Full Press Release Title:
"AMD Japan Files Claim for Damages Arising from Violations of Japan’s Antimonopoly Act Against Intel K.K. in Tokyo High Court and Tokyo District Court"
– AMD Japan Seeks to Restore Fair and Open Competition for the Japan PC and Server Marketplace –
TOKYO, Japan -- June 30, 2005 --AMD
Japan (Shinjuku-ku, Tokyo, David M. Uze, President and Representative
Director) today filed two claims against Intel Corporation’s Japanese
subsidiary, Intel K.K., in the Tokyo High Court and the Tokyo District
Court for damages arising from violations of Japan’s Antimonopoly Act.
The suit in the Tokyo High Court seeks US$50 million (approx.
5.5 billion yen) in damages, following on the Japan Fair Trade
Commission (JFTC)’s findings in its March 8, 2005 Recommendation that
Intel K.K. committed violations of the Antimonopoly Act. The JFTC
Recommendation concluded that Intel K.K. interfered with AMD Japan’s
business activities by providing large amounts of funds to five
Japanese PC manufacturers (NEC, Fujitsu, Toshiba, Sony, and Hitachi) on
the condition that they refuse to purchase AMD processors. As a result
of these illegal acts, AMD Japan suffered serious damages, losing all
of its sales to Toshiba, Sony, and Hitachi, while sales to NEC and
Fujitsu also fell precipitously. The suit in the Tokyo High Court
follows Intel K.K.’s acceptance of the JFTC Recommendation. In
accepting the Recommendation, Intel K.K. did not dispute the JFTC
An additional suit filed at the Tokyo District Court level seeks to
recover millions of dollars in damages for various anticompetitive acts
in addition to what is covered in the scope of the JFTC Recommendation.
These anticompetitive acts also had the effect of interfering with AMD
Japan’s right to engage in normal business and marketing activities.
In the complaint, AMD Japan points to the following specific examples of anticompetitive actions taken by Intel:
- Instructing a Japanese PC manufacturer to remove from its product
catalog and Internet website all computer models using processors made
by AMD, in exchange for providing a large amount of funds to that
- Putting pressure on an AMD customer that was scheduled to attend a
new product launch of AMD products. The customer eventually had to
cancel its attendance at the new product launch;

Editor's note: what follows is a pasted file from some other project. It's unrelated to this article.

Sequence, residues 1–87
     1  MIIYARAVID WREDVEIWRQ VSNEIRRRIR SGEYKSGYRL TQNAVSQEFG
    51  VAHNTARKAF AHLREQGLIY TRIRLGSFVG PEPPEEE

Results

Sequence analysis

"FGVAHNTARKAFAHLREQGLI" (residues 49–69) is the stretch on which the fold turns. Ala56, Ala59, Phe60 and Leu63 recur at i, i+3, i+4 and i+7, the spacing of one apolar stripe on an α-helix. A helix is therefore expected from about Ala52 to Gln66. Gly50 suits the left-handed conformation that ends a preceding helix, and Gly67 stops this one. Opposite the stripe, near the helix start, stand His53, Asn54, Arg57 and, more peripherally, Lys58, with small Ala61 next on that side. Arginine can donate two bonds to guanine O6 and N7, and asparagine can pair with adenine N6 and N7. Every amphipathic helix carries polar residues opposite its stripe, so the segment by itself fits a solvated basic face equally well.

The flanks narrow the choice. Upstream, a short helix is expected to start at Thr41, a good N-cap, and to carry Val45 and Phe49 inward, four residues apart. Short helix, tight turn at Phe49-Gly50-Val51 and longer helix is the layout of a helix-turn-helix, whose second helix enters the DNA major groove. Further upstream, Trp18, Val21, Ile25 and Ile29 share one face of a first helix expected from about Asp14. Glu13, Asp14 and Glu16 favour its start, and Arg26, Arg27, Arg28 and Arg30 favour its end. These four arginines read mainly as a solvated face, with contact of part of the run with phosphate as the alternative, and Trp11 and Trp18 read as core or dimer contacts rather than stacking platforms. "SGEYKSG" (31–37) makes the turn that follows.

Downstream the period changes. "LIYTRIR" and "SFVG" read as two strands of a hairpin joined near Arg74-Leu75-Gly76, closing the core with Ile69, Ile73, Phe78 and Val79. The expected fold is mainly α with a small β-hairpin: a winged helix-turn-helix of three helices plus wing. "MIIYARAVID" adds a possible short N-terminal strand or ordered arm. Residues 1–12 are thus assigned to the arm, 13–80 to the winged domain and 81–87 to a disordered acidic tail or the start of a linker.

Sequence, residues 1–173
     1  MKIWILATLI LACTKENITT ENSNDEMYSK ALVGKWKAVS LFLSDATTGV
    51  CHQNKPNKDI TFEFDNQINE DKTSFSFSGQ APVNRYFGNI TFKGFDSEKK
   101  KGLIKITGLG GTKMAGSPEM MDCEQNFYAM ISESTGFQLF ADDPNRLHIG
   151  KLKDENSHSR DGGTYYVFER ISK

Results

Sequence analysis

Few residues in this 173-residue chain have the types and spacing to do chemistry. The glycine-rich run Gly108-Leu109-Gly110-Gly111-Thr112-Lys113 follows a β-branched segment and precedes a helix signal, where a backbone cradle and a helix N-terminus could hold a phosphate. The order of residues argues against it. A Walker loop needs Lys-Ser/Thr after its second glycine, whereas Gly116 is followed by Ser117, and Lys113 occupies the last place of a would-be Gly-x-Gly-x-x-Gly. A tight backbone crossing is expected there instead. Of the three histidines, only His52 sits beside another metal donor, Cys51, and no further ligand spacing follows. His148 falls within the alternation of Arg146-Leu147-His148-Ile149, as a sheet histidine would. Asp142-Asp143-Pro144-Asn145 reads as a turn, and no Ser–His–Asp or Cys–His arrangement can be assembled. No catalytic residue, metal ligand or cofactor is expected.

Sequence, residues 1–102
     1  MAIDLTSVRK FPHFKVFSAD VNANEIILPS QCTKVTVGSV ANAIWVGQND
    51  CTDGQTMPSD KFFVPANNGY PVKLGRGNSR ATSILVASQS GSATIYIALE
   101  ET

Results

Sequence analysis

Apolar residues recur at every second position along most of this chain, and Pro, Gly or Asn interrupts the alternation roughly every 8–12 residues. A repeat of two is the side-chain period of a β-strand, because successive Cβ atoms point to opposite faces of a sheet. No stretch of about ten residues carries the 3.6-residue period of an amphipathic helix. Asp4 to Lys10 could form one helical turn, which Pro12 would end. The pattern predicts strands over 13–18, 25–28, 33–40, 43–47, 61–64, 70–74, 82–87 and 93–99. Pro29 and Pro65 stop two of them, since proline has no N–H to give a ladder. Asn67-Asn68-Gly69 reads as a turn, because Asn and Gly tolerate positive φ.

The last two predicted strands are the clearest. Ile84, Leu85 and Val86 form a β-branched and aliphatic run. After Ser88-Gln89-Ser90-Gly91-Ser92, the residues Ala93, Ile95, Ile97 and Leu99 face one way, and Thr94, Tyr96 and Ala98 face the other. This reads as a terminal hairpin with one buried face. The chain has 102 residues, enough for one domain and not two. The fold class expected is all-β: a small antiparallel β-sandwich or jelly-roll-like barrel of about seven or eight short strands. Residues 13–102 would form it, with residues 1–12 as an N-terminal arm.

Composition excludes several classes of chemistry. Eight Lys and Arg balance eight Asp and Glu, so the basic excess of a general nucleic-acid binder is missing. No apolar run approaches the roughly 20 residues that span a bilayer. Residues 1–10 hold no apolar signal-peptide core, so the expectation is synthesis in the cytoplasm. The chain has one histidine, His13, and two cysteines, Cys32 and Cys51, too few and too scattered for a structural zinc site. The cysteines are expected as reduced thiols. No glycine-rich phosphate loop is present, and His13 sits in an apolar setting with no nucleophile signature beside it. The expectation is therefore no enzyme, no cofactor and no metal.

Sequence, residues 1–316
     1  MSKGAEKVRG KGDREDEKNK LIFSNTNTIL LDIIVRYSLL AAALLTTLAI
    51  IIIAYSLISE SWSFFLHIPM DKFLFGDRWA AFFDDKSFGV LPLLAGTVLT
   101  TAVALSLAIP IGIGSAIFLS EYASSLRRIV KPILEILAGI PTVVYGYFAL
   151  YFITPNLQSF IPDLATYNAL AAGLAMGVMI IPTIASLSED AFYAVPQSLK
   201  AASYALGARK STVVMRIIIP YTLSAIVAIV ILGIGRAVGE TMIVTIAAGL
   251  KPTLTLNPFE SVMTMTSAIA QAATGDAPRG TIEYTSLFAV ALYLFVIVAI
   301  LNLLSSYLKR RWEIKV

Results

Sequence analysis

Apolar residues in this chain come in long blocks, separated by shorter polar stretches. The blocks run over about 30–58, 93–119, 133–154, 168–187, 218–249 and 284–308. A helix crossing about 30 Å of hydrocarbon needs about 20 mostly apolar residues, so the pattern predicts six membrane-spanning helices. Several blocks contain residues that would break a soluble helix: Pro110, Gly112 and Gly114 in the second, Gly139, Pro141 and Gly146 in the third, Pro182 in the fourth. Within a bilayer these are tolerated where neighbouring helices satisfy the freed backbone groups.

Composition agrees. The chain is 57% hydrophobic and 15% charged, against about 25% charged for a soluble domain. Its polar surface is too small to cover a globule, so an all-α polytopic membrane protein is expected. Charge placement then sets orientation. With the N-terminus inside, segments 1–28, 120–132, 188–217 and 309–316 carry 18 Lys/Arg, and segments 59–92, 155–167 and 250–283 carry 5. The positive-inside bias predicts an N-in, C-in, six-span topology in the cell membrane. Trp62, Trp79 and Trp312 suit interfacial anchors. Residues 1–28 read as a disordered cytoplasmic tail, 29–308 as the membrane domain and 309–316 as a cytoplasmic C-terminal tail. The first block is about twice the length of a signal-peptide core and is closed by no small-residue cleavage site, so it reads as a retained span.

- Interfering with a joint promotional event being held by AMD and a
customer to promote PCs using a new processor developed by AMD. Just
before the promotional event was scheduled to take place, Intel
purchased all the PCs that had AMD processors and replaced them with
PCs using Intel processors. Intel K.K. provided a large amount of funds
to this customer as an incentive to cooperate in this last-minute
These acts represent only the tip of the iceberg of Intel’s worldwide
coercion of customers to prevent them from doing business with AMD
Japan. AMD, the parent of AMD Japan, also filed suit in the United
States on June 27, 2005 to stop Intel’s illegal business practices.
Intel continues to refuse to acknowledge that its conduct is
wrongful. Yet its anticompetitive acts, designed to restrict AMD's
market share, clearly constitute an abuse of Intel's dominant position
in the processor market.
"These illegal actions have restricted fair competition and narrowed
the choices available to consumers in the computer market," said David
M. Uze, AMD Japan’s president and representative director. "In March of
this year, the JFTC clearly found that Intel K.K. violated the law. AMD
Japan hopes to bring fair and open competition in the computer
marketplace, allowing consumers to have a true choice."
AMD’s Position on Fair and Open Competition
AMD stands for fair and open competition and the value and variety
competition delivers to the marketplace. Innovative AMD technology
allows users to break free to reach new levels of performance,
productivity and creativity. Businesses and consumers should have the
freedom to choose from a range of competitive products that come from
continuous innovation. When market forces work, consumers have choice
and everyone wins. For more information, please visit http://www.amd.com/breakfree.